Narcolepsy Companion App

Topic

  • Trainee: Jan de Wit
  • Company: Kempenhaeghe en SEIN Sleep Centers
  • Company supervisor: Sebastiaan Overeem
  • TU/e supervisor: Panos Markopoulos

Description

Narcolepsy is a chronic sleep disorder with a broad range of symptoms. Together with Kempenhaeghe and SEIN sleep centers, we developed a working prototype of a companion app designed to run on patients’ smartphones, to increase the frequency with which they are able to report on the way they have been experiencing their symptoms. Rather than simply creating a digital version of the existing paper questionnaire, the entire act of registering symptom severity has been redesigned to take optimal advantage of the mobile phone platform. Because it is designed to be used frequently and long-term, care was taken to ensure that registering symptoms requires low effort. One of the main challenges with these types of systems is getting this long-term commitment, when there is no direct payoff for the patient. Fortunately, modern platforms such as smartphones and watches allow us to schedule reminders to try and keep people engaged.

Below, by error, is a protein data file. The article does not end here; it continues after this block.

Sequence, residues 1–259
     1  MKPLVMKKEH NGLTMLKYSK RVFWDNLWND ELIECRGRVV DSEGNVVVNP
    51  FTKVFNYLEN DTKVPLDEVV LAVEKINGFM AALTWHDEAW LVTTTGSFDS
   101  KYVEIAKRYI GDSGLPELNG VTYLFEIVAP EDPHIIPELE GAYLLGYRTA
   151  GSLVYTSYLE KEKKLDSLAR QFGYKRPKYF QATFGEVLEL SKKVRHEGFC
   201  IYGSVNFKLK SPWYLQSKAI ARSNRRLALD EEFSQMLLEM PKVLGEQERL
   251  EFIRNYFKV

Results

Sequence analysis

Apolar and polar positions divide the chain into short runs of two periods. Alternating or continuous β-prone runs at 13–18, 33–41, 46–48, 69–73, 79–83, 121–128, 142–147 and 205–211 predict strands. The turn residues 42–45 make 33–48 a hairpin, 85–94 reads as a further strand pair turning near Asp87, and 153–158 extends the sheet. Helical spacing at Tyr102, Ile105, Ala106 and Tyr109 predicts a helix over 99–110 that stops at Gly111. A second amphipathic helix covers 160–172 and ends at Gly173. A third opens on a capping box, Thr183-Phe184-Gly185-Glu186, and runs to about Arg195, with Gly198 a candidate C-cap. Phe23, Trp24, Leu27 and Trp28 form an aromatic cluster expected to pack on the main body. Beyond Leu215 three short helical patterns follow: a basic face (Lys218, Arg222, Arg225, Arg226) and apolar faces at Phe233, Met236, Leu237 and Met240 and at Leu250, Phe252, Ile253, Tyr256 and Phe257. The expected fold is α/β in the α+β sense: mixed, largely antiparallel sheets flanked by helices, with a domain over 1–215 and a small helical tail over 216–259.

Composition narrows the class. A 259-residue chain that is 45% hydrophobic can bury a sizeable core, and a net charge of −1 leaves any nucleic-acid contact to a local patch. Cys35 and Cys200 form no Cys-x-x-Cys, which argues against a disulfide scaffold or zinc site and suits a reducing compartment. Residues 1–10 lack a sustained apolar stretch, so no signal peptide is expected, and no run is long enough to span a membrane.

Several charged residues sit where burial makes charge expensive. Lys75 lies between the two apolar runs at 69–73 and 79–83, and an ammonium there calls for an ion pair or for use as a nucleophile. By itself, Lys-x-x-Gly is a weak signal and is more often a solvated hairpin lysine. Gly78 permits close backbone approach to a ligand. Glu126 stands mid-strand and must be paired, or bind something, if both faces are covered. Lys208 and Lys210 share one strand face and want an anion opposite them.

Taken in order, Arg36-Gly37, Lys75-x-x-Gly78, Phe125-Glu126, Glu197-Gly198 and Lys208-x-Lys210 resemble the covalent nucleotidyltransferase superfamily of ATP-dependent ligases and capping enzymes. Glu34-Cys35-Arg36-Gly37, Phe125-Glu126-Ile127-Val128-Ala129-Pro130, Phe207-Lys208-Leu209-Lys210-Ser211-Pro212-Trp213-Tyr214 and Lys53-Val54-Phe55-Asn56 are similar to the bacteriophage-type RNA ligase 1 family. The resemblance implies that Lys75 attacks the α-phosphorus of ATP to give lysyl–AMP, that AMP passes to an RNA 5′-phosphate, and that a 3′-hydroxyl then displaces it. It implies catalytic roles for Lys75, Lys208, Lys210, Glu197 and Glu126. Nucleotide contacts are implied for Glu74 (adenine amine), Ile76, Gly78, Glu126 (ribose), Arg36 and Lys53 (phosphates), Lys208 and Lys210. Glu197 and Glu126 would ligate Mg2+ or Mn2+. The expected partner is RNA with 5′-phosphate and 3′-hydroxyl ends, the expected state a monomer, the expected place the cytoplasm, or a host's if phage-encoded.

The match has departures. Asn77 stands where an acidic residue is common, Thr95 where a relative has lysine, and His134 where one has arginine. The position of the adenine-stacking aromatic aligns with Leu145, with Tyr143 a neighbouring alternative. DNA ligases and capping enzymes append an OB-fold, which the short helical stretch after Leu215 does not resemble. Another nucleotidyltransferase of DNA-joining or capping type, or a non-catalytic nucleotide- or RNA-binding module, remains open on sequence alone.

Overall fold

Next to the app itself, a dashboard was developed as a tool for doctor-patient meetings, where for a particular patient all the reported symptom severity ratings can be shown through time. The idea is for the doctor, together with the patient, to discover topics of discussion and perhaps use the self-reported data as a guideline to inform treatment decisions.

Jan: “It was great to see how much we could learn about the user experience of the app just by looking at the data that was being logged. For example, there seemed to be different patterns of use. Where some people would stick to daily use, others would take frequent breaks of a few days, even when they were being sent reminders. As a secondary feature, we introduced the ability to leave open comments in the app, kind of like a diary. This actually became the main functionality for some users, giving us a lot of insight in the form of features or symptoms that were currently missing in the app and qualitative information that could help to create personas to inform our future design decisions.”